Thanksgiving and Black Friday are kind of ironic. We spend a whole day sitting around, thanking God for everything we have, only to plow each other down in a parking lot at 3 AM to purchase everything we don’t.
It’s like a dream episode of Oprah: Everyone gets a 52-inch flat screen AND a Cuisinart Panini press. We feel a little guilty because just a few short hours ago we were SO grateful. Buy hey, it’s capitalism! We’ll shop, but we refuse to drop!
It’s no wonder we tend to become a little cynical, as some of these quotes demonstrate.
“Only in America can people trample others for sales exactly one day after being thankful for what they already have.”
“Black Friday is the day I can finally jump on the Christmas Bandwagon with the rest of the nuts who started on Halloween.”
“Hope you enjoyed Black-and-Blue Friday at Walmart.”
“Whoever said money can’t buy happiness simply didn’t know where to go shopping.”
“Oh for the good old days when people would stop Christmas shopping when they ran out of money.”
“When women are depressed, they eat or go shopping. Men invade another country. It’s a whole different way of thinking.”
We need to rediscover the true message of Christmas. Christmas is a time of celebration as we rejoice in the birth of our savior. We remember that the manger sits in the shadow of the cross. This theme is clearly seen in Mary’s song of joy in Luke 1:36-59.
In verses 26-38 of the first chapter of Luke, we read the account of the angel Gabriel visiting Mary and announcing that she will bear the Christ child. As proof that God can accomplish this miracle, Mary’s cousin, Elizabeth, has become pregnant in her old age.
Mary responds to the news by packing her bags and heading for Elizabeth’s house, a three to five journey away. After arriving, Mary greets her cousin. Before she finishes the words, Elizabeth’s unborn son, John, leaps in her womb (41, 44). It is quite mind-boggling to think that one unborn child acknowledges the presence of another unborn child!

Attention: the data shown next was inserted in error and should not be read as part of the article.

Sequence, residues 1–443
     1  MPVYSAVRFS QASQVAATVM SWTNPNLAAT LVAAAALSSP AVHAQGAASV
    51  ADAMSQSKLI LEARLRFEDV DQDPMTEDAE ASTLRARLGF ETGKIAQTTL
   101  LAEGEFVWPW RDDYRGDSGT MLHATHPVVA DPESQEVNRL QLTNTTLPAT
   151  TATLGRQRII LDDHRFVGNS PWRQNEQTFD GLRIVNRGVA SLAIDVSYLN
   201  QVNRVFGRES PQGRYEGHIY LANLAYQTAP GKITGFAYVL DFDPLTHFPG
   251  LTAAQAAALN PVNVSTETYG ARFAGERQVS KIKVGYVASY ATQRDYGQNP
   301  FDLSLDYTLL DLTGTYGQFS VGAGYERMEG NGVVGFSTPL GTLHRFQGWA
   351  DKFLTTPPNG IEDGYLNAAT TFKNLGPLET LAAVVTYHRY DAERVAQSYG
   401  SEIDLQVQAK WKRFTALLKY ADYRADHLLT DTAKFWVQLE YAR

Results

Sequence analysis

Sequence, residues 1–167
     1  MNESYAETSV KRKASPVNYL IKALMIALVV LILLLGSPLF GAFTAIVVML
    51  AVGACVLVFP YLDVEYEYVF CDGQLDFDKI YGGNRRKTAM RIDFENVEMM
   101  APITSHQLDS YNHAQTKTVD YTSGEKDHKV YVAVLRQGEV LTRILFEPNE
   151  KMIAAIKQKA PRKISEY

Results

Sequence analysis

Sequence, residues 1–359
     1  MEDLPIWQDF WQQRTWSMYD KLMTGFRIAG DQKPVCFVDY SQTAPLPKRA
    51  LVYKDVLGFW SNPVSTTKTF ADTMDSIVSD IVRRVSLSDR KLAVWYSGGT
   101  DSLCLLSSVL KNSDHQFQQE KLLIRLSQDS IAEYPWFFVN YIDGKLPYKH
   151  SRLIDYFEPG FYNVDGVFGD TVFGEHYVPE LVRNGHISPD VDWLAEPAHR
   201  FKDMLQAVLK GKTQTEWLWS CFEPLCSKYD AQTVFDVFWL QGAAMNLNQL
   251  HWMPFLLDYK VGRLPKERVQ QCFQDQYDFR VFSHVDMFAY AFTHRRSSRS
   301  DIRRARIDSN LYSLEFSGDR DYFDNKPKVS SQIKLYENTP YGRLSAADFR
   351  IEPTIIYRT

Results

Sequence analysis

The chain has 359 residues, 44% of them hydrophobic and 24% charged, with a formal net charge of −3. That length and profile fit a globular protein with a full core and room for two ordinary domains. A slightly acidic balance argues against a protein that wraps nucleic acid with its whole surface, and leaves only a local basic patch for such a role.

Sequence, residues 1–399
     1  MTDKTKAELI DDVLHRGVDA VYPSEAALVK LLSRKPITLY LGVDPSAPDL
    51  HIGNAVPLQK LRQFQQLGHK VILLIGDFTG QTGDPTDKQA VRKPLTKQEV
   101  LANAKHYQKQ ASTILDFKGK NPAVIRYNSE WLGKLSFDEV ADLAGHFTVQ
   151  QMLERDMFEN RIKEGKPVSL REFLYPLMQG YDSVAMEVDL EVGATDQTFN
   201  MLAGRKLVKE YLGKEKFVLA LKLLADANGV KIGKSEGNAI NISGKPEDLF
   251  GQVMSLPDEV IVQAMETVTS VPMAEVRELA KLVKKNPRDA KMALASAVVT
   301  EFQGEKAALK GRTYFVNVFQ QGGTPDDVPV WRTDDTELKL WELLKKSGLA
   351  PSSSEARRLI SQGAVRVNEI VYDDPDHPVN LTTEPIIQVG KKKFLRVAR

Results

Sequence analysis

Elizabeth declares that Mary is blessed among women (42). In Hebrew culture, a woman’s status was based to a great degree on her children—the greater the child, the greater the mother. While we do not want to elevate Mary higher than she deserves, neither do we want to minimize her place in God’s plan.
Though Elizabeth is the elder, she steps into the background and assumes the position of a servant. She recognizes Mary’s son as “my Lord” (43).
Mary responds to these events by breaking out in song. She sings what is referred to as “The Magnificat” (the Latin word for “magnify” or “glorify”). Mary’s praise is both personal (46-49) and prophetic (50-55). Her words reveal a deep understanding of Scripture. She traces God’s dealings with his people beginning with Abraham. Mary has a firm grip on the promises of Scripture. The song comes from a grateful heart and a humble spirit.
Mary’s song is also very specific. She praises God for what he did for Mary (46-49), what he did for all believers (50-53), and what he did for Israel (54-55). In her own life, God saved her (47), chose her (48), and was mighty for her (49). God demonstrated his mercy for the god-fearing (50), the helpless (51), the humble (52), and the hungry (53). Lastly, God kept his promises to Abraham and his descendants (54-55).
As you begin the season of Advent, what song is on your lips? Is it a song of joy or a song of sadness? Are you celebrating or mourning? Your answer depends in large part on the source of your joy. Let me encourage you to discover that joy is found in obedience to Jesus Christ. Then we can join with Mary in singing, “Magnify the Lord for his mercy!” Celebrate the Son!
This message was preached at First Central Bible Church in Chicopee, MA, on November 27, 2016. It is one of several messages on Advent: The Mystery of the Nativity. Please click on the link to download a copy of the sermon notes.